DCINY musicians raise their voice

Recording Vice President's report

Volume 122, No. 4April, 2022

Harvey Mars


Musicians of the DCINY orchestra took to the street to stand up for live music and a fair contract. See more photos here.

After a hiatus of more than two years, Distinguished Concerts International New York returned to Carnegie Hall in late March to perform Faure’s “Requiem.” Various amateur choral groups from around the country paid to participate in the concert.

However, one thing was missing from the performance: the full orchestra. Just a few years ago, DCINY had performed the identical work with over 50 instrumentalists. This time, there were three. So what’s changed since then?

The answer is clear. Two years ago, musicians voted to certify Local 802 as their bargaining representative. While negotiating a first contract with its musicians, DCINY is seeking to use the pandemic as an excuse to retaliate against members of the DCINY orchestra. In fact, DCINY is basically threatening to eliminate the entire bargaining unit through a proposed audition process.

Local 802 successfully won an Unfair Labor Practice charge against DCINY for failing to negotiate prior to their return to live performances. The company agreed to negotiate at least twice a month, but actual progress at the bargaining table has been minimal to nonexistent.

So, when DCINY returned to the Stern Auditorium/Perelman Stage on March 27th without its orchestra, the musicians did not sit at home. Instead they took to the street and handed out leaflets to audience members and the general public, advising them that an orchestra was not being used, and that this appeared to be a hard bargaining tactic.(Download a PDF of the leaflet here or see a copy at the bottom of this article.) Carnegie Hall stagehands, who are represented by IATSE, joined in solidarity with the musicians by wearing buttons that said, “I support DCINY musicians.”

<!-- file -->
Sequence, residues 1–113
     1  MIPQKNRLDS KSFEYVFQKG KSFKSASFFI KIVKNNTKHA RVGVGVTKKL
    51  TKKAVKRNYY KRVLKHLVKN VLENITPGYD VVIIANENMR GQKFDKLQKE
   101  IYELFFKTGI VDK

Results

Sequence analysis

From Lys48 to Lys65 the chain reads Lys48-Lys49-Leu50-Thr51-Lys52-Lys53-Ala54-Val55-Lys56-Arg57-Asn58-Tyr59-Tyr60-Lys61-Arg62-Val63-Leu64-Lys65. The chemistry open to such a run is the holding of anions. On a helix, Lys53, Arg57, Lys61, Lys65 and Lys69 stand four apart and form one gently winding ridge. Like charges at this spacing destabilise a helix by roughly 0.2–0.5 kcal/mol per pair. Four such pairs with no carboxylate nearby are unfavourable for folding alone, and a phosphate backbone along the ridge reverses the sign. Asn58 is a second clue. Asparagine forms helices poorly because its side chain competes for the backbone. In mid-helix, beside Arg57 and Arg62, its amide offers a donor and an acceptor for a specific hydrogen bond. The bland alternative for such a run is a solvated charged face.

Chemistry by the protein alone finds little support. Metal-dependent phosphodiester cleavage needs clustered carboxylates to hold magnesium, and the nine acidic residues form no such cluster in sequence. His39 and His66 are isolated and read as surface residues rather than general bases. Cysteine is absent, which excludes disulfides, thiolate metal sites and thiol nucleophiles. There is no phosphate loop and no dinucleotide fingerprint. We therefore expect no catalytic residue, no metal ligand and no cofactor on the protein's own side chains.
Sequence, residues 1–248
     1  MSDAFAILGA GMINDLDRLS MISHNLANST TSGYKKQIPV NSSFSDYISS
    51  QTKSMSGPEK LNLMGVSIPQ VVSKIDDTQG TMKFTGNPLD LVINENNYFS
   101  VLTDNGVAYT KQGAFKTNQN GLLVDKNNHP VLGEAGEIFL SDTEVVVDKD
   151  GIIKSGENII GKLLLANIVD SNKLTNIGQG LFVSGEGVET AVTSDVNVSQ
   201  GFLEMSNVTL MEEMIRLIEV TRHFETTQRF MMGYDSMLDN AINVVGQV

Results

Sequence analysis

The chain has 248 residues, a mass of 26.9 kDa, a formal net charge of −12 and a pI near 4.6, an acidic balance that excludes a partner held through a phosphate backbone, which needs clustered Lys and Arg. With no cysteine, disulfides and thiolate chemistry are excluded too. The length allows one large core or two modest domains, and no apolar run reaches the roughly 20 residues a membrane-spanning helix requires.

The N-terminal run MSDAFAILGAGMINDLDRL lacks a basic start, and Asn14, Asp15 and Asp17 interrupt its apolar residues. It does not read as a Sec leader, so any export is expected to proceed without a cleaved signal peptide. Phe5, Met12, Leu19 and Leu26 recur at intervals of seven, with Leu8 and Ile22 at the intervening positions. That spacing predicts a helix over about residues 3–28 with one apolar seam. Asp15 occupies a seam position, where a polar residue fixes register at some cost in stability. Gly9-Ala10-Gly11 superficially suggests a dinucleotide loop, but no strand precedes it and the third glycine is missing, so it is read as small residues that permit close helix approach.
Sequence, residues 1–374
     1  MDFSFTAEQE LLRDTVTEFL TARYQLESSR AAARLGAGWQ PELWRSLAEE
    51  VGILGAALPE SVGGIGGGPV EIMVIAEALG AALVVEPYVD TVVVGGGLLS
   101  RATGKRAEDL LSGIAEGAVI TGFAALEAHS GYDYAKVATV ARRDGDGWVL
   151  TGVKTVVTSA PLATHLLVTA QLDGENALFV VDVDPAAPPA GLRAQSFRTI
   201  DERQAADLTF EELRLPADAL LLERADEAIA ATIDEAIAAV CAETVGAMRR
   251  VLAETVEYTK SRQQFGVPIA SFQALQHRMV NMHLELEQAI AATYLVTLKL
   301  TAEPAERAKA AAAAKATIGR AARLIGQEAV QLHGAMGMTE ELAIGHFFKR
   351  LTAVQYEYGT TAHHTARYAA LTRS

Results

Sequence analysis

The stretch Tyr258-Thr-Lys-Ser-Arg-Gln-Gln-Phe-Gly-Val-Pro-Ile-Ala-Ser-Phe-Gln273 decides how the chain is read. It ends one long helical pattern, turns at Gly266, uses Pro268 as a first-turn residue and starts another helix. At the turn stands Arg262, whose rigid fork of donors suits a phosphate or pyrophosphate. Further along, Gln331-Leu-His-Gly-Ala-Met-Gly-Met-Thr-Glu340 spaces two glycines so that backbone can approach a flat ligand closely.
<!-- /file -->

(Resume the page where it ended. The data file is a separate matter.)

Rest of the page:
“This isn’t just about our orchestra,” said the DCINY Negotiating Committee in a statement to Allegro. “It’s about standing up for live music everywhere. If DCINY can replace 50 musicians at Carnegie Hall, what’s to stop other employers from doing the same? When we come together as a community of musicians, we have the power to protect each other and our livelihoods. The choir members and audience members we spoke to were overwhelmingly receptive and supportive of our desire for a fair contract. It also felt great to show our solidarity with our colleagues in person again!”

DCINY has scheduled other performances over the next two months, but the orchestra remains unhired for any of these performances as well. Shame on the company!

How can Local 802 members support the musicians and stand up for live music?